(Reviewed:)

Grade: (C+)

  

Websites:

Book-related and General Links:
    -Home Page : William Golding Limited
    -William Golding (1911-1993) - in full Sir Willam Gerald Golding (kirjasto)
    -ENCYCLOPAEDIA BRITANNICA : "william golding"
    -William Golding (1911-1993) (Nobel e-Museum, The Nobel Foundation)
    -SIR WILLIAM GOLDING : 1983 Nobel Laureate in Literature (Nobel Prize Internet Archive)
    -ARCHIVES : "william golding" (NY Review of Books)
    -ARCHIVES : William Golding (books unlimited)
    -Literary Research Guide: William Golding (1911-1993)
    -EducETH - Golding, William (1911 - 1993)
    -William Golding (1911-1993) (Bohemian Ink)
    -A Tribute to Willliam Golding (Velissarios Valsamas)
    -ARTICLE : BRITON WINS THE NOBEL LITERATURE PRIZE (JAMES M. MARKHAM, New York Times, October 7, 1983)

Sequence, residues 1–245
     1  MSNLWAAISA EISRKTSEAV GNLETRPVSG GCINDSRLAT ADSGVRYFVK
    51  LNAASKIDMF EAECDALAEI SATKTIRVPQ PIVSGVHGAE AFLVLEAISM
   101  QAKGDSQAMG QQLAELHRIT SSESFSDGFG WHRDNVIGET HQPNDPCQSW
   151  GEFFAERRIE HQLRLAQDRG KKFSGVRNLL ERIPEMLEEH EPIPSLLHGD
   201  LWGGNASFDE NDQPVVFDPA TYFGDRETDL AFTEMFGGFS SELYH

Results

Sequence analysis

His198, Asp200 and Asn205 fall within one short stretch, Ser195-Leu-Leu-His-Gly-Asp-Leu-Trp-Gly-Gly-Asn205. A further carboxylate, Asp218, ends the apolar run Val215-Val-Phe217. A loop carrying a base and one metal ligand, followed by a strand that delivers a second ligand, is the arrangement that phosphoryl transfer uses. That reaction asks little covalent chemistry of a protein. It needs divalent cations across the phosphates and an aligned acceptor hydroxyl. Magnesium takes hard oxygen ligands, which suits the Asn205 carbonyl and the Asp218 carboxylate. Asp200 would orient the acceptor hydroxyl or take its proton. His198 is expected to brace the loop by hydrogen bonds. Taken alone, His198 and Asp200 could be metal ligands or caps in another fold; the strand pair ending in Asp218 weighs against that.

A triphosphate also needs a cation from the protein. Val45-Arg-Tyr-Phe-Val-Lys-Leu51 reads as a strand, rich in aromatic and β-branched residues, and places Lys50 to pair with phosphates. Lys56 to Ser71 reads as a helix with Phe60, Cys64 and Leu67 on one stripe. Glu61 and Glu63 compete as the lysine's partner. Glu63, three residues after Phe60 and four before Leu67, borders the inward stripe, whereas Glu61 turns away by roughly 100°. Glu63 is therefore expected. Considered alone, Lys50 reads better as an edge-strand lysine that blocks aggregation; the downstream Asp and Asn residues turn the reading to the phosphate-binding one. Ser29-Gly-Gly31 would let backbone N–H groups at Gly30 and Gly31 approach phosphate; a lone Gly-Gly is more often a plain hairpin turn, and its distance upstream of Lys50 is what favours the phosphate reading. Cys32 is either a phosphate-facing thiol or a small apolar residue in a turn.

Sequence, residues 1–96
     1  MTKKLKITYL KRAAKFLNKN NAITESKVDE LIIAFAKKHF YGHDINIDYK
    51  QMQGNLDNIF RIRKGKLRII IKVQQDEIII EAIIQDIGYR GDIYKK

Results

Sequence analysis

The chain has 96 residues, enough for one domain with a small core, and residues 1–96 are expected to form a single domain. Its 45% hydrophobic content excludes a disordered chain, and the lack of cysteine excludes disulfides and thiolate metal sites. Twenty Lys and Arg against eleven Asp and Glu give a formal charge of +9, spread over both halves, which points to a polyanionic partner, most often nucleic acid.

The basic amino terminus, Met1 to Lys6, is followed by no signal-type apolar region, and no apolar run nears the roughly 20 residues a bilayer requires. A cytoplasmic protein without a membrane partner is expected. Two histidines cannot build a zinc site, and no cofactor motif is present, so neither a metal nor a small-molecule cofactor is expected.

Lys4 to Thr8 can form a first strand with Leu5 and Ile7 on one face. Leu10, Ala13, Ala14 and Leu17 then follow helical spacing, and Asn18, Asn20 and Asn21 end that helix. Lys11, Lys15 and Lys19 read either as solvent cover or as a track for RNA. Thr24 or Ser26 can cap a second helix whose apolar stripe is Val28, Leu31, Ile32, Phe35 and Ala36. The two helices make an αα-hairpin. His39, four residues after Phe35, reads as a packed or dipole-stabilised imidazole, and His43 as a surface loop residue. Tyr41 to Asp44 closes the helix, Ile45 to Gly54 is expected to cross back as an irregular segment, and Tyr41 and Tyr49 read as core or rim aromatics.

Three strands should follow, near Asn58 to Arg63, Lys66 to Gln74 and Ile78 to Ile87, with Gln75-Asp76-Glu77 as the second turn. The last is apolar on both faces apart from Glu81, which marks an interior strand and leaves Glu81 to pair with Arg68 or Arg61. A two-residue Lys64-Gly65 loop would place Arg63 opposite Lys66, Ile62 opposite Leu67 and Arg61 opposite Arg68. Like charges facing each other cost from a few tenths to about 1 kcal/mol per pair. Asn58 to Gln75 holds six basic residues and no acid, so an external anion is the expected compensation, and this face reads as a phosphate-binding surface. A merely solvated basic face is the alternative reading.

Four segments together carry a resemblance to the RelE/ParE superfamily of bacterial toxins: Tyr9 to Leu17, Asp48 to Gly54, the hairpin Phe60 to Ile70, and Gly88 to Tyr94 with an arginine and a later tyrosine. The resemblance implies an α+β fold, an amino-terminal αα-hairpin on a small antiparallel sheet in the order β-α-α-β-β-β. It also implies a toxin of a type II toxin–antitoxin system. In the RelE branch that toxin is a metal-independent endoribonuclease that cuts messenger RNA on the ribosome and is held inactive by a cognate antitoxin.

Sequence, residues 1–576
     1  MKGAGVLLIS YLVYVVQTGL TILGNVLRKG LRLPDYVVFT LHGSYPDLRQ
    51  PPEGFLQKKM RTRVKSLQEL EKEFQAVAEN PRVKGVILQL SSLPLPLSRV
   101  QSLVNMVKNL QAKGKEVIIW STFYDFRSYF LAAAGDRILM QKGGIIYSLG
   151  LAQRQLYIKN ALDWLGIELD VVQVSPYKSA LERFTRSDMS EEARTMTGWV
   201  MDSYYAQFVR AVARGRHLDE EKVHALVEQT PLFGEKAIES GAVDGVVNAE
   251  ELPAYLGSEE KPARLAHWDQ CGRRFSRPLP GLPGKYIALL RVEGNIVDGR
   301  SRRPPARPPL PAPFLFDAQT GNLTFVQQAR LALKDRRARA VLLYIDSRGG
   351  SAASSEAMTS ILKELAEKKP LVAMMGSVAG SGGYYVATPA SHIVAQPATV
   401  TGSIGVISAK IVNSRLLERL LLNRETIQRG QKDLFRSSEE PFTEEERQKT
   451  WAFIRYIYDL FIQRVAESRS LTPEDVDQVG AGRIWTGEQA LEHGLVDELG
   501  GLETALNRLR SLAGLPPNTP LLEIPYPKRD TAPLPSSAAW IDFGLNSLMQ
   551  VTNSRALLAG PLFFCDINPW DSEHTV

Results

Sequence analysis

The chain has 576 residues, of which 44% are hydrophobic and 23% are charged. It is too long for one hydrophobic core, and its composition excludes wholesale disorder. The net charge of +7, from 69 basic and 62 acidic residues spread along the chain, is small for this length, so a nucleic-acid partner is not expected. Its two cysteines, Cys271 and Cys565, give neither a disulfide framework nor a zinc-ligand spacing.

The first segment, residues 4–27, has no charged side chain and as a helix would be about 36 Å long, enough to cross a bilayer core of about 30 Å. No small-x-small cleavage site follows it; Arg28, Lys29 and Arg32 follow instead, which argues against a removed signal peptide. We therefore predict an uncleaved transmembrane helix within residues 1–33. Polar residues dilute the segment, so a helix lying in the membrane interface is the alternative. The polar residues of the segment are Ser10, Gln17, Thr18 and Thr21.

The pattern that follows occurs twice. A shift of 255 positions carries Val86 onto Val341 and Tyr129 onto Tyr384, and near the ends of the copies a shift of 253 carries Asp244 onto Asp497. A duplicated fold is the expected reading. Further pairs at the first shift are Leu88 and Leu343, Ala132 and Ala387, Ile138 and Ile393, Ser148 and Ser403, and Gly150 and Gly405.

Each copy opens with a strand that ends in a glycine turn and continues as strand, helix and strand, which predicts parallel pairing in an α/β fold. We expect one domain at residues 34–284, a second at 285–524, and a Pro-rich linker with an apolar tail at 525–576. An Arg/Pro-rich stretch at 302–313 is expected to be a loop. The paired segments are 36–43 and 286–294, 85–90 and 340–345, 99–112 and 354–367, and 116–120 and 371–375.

-ARTICLE : SPAT OVER NOBEL PRIZE EMBARASSES ACADEMY  (JAMES M. MARKHAM,  New York Times, October 8, 1983)
    -PROFILE : GOLDING PINS HOPE ON WORDS  (R. W. APPLE Jr., December 8, 1983, NY Times)
    -ESSAY : SHOULD HOLDEN CAULFIELD READ THESE BOOKS?  (Donald Barr, May 4, 1986, NY Times Book Review)
    -ESSAY : ABOUT BOOKS AND AUTHORS : Birth of the Flies (Edwin McDowell, NY Times)
    -ONLINE STUDY GUIDE : The Lord of the Flies (Brian Phillips, Spark Notes)
    -Lord of the Flies  - turning paradise into hell -
    -Discovery Channel School: Lord of the Flies
    -ClassicNotes: William Golding
    -REVIEW : Apr 30, 1964 Frank Kermode: The Case for William Golding, NY Review of Books
               The Spire by William Golding
    -REVIEW : of CLOSE QUARTERS By William Golding (Robert M. Adams, NY Times Book Review)
    -REVIEW : of CLOSE QUARTERS By William Golding (Walter Goodman, NY Times)